• Price: $139 to $384 (or more)
  • Quantity Produced: 360,649
  • Designer: Anthony de Francisci
  • % Metal Composition: 90% Silver
  • Mass: 26.73 grams
  • Diameter: 38.1 mm

This silver dollar without a mint mark is even rarer than the S silver dollar. The reason is that fewer coins were minted that year in Philly than in San Francisco, which reduces the number available and raises its rarity. It also makes it more valuable than the S silver dollar.

How much it fetches for you depends on who is buying it. As with the S silver dollar, the coin collector may want an uncirculated version. However, you may find some collectors looking for slightly worn coins and are willing to pay more for them.

Generally, the 1928 no-mint mark silver dollars are worth more than the marked coins. This is especially true if the coin is in uncirculated condition.

Also Read: Top 19 Most Valuable Silver Eagles Worth Money

History of the 1928 Silver Dollar

The silver dollar was first minted in 1921 and minting ran until 1935. There was no minting between 1929 and 1933 because the United States needed to sell silver to the United Kingdom according to the Pittman Silver Purchase Act of 1918.

It started as a way to celebrate peace in the country at the end of World War 1. Then President Harding had ordered its production after he ended the war against Germany on November 21 of that year.

The ideas for the new coin began flowing in after the announcement was made to send in coin design ideas. There were several to select from, but the Lady Liberty piece with the eagle on the reverse won the day. Within a short period, the first coins were minted and were in circulation just before Christmas.

During the Great Depression, the American West silver mines bullion was bought, so there was no silver for minting coins. Minting began again in 1934 after silver became available again but was cheap and the U.S. could purchase more.

Sculptor Anthony de Francisci inscribed the image of a bald eagle on the reverse side and the face of Lady Liberty on the obverse side. Many believe that the sculptor used the face of his beautiful wife as a muse to create the Liberty image.

1928 Silver Dollar Grading

Looking at any coin will tell you its condition. But coin grading has a scale that goes from 1 to 70; 1 is the lowest grade which means the coin is too worn. The details would no longer be visible or in relief on the coin. But 70 means the coin is in the best condition.

Here is a video explaining the grading of different 1928 silver dollars and how it affects the value.

1928 Silver Dollar Errors

As with many other coins, the 1928 silver dollar has some minting errors that may not be readily noticeable if you do not have a keen eye. Interestingly, some of these errors only increase the value of the coin, whether or not it is in mint state. For others, it decreases the coin’s value.

1. 1928 Silver Dollar Strike-Through Error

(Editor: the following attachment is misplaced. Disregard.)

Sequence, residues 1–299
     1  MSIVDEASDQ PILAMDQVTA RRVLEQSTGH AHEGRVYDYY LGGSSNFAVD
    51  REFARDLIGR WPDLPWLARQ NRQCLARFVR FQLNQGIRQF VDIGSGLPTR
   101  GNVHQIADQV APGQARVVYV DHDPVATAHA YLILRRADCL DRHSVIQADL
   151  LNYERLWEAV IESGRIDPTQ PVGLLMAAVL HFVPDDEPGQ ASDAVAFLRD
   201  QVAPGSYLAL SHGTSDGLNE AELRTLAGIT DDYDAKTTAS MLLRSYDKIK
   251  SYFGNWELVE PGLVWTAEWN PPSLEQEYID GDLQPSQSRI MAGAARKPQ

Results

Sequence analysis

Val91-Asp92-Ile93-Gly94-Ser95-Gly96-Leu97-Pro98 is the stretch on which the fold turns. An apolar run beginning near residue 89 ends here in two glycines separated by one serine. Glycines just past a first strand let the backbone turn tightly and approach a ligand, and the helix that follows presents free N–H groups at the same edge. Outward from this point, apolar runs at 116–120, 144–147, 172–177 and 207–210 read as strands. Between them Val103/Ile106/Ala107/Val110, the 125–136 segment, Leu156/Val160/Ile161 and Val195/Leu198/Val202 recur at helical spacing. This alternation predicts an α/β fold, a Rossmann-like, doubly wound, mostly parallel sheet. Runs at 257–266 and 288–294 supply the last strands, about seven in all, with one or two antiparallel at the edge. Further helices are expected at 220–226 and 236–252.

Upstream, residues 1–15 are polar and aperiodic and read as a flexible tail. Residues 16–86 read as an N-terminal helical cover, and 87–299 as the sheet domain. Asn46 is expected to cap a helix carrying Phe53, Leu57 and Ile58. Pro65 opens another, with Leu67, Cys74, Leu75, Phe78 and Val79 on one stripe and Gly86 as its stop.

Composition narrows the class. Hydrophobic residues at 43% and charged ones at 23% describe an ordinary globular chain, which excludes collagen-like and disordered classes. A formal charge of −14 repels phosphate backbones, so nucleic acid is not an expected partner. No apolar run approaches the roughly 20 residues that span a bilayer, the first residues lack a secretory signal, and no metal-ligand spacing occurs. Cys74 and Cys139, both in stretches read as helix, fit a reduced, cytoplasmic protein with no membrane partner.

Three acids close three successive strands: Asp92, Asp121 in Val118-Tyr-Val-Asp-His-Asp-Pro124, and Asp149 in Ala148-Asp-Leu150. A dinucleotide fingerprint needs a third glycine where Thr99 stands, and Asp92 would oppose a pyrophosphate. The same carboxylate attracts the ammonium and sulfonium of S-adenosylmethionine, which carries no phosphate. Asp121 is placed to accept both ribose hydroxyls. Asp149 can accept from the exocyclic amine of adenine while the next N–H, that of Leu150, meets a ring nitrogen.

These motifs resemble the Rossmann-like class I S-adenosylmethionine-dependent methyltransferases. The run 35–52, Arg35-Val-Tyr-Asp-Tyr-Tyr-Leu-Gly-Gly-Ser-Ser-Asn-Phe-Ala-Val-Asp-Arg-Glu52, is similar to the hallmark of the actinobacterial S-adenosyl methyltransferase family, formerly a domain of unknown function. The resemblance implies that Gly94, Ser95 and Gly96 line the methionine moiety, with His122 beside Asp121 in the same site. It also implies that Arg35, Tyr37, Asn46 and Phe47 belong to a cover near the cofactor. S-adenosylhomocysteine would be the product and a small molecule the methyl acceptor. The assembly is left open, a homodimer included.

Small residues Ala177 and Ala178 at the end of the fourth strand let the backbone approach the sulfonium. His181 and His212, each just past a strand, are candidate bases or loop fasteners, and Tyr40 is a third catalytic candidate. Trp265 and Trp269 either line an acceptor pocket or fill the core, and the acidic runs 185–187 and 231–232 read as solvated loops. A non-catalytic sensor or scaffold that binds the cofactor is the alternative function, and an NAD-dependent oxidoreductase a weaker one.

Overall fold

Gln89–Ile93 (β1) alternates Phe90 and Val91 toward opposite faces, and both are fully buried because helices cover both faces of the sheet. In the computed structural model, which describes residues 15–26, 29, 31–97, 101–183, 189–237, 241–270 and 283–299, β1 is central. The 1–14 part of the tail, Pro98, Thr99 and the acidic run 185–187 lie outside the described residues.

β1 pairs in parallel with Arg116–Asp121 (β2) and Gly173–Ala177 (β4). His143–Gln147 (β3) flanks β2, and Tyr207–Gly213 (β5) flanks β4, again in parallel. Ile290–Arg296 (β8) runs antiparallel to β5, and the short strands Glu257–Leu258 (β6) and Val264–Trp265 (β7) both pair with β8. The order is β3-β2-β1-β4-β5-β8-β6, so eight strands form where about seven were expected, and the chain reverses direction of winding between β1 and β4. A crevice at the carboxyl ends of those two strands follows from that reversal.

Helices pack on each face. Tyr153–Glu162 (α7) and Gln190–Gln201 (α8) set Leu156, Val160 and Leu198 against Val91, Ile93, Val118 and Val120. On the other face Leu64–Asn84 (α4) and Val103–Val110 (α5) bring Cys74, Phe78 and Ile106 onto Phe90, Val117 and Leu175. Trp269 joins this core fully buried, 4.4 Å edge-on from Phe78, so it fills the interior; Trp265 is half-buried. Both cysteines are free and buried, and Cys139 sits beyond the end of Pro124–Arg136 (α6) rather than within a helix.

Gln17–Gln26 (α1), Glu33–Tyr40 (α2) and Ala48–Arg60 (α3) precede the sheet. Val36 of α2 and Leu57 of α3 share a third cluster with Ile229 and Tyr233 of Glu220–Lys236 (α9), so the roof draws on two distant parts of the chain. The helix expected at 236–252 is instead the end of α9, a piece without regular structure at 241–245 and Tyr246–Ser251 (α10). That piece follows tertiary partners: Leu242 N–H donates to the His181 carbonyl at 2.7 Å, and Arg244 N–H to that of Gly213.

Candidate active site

1928 Silver Dollar Strike-Through

A strike-through error happens on a coin when a foreign item falls into the die and without removing it, the coin is printed. The item affects the final design of the coin and may significantly mar it, depending on the item.

Sometimes, this error only serves to increase the coin’s value on the market, especially if the foreign shape is distinct. It increases the uniqueness among collectors.

2. 1928 Silver Dollar Doubled Die Error

1928 Silver Dollar Doubled Die

This error is common when minting coins. It happens when the die, which is the tool typically used to stamp the coin images, strikes at slightly different angles. If the die is not steady, it may shift a little during striking, causing the image to double or triple on the coin.

The result is that the coin has a main and sharp image with two or three more faint ones showing at different angles. Some of the coins with this error never went into circulation but only surfaced when collectors showed a preference for coins with these errors.

3. 1928 Silver Dollar Lamination Error

1928 Silver Dollar Lamination

A coin lamination error occurs when the coin’s metal plating is yet to stick and parts of it get missing. They may be small, almost imperceptible parts, and the untrained eye may miss the error if they are not looking.

However, to a grader, the error is obvious, and this can affect the coin’s value positively or negatively. A 1928 silver dollar with this error but in extremely fine condition sold for about $645, which is not bad for a coin with only a $1 face value.

4. 1928 Silver Dollar Inverted Mint Mark Error

1928 Silver Dollar Inverted Mint Mark

This error is not common and refers to a mistake during the striking of the mint mark. It applies to coins minted in the San Francisco branch; the S is upside down and the wrong way around. There are only a few coins with this error, but it positively changes the value.

Below is a video explaining the coin and errors that you may encounter.

1928 Silver Dollar FAQs

What is a 1928 silver dollar worth today?

The worth of a 1928 silver dollar depends on the grading and condition. It also depends on the errors and who is buying. For some, a worn silver dollar is worth more money than a mint-state coin. For others, the unique errors add character to the coin and increase its value.

However, the consensus is that this silver dollar is valuable when in mint state or uncirculated. You can sell such a coin for as low as $31 or as high as $5,000 or more, depending on the mint mark and condition.

Why is the 1928 Peace Dollar so valuable?

The value lies in the mintage; it has the lowest mintage of the regular Peace dollar coins in the same series. Besides, the coins from the Philly mint were more softly struck than others minted before them from the same place.

Where is the mint mark on a 1928 silver dollar?

The mint mark is under the O on the phrase ONE DOLLAR on the coin’s reverse side. It is clearly above the eagle’s tail and close to the coin’s rim but is small enough to be missed.